If there’s anything a worldwide crisis has shown us already, it’s that the past is gone and the future’s not fully here yet.
So what can we do to navigate through our work and lives right NOW? How can we make the most of change that’s happening around us?
Binging on an endless diet of homemade bread & Netflix isn’t the answer . . as delicious as that sounds.
As I mentioned in an article I wrote on LinkedIn, “Instead of Chaos, Choose Creativity,” it’s easy to slip into a confused, wandering state of mind during any kind of change:
- In your own life,
- Or all of the above.
But you can resist that temptation to curl into a ball and hide.
You don’t have to wait for everyone else to figure their stuff out to make the most of change.
Here are three powerful–and most importantly, meaningful— actions you can take right now.
Action 1: Toss What’s Not Working
If you’re someone who’s had to stay at home more than usual, you’ve probably tossed some of your physical goods in a cleaning spurt: books, papers, and clothes.
Why not apply the same energy to tossing out habits, processes or procedures that are no longer working?
Here’s a list to consider:
- Meetings that are no longer making a difference and/or are wasting time
- (One way to check: how often do people arrive late, cancel or opt not to attend? And does their absence matter? )
- Or, toss out old facilitation habits (please, don’t “go around the room”) and try these strategies instead.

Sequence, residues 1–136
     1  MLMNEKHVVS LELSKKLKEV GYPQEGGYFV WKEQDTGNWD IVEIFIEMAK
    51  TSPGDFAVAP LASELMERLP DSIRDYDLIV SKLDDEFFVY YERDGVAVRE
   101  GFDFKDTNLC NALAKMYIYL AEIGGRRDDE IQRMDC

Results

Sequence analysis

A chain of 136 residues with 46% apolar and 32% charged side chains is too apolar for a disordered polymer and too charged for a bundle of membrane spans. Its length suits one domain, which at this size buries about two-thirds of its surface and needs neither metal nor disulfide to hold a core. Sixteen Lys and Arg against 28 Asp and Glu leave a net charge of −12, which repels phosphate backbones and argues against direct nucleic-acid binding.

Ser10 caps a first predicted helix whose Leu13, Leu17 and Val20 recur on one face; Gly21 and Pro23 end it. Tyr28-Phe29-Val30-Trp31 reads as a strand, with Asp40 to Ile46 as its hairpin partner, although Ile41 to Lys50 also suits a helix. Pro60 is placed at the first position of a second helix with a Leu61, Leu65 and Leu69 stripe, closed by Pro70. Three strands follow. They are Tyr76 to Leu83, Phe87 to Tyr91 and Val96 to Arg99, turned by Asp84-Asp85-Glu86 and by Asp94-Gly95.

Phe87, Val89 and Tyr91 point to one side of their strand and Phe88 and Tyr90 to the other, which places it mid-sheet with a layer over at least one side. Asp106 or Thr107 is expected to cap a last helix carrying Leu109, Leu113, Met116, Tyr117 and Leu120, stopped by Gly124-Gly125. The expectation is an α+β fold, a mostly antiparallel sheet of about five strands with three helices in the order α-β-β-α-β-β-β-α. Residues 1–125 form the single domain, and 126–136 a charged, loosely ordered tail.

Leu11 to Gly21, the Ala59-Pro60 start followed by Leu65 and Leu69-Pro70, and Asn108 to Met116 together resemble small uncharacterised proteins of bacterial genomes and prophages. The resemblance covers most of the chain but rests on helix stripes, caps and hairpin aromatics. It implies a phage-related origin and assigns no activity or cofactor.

- Reports or presentations created because “we should” or “we’ve always done”
- As an alternative, if you’re the person with the info to distribute, could you record a short video or voice memo with your summary of what matters most, rather than spending hours formatting data or presentations that no one’s reading?
- Processes that your team keeps stumbling through or that are just plain broken. (Not sure? Try asking for specific feedback with the tools here.)
- Relationships that aren’t working as well as they could. (Here’s how to create a relationship reset here.)
- External commitments, such as professional or community involvement. Being involved is great, but if it wasn’t working for you before, it’s a good time to toss them now and replace them with ones that matter more to you.
What can you toss right now? Clean out the clutter of your life at work to make room for whatever may be ahead.
Action 2: Start an Experiment
What’s the thing you’ve been wanting to try? What’s the new tool you’ve been thinking about using, or new process or habit that you’d like to apply to your life at work?
It’s a perfect time to start an experiment.
Experiments are ways you make new discoveries as to what will—or won’t—work to solve a problem or create a better result than you’re getting now.
They begin with a hypothesis, or more simply, a question:
- Is there a faster tool to organize this data?
- If we cancelled this meeting, would anybody miss it?
- What would happen if I only answered email twice a day?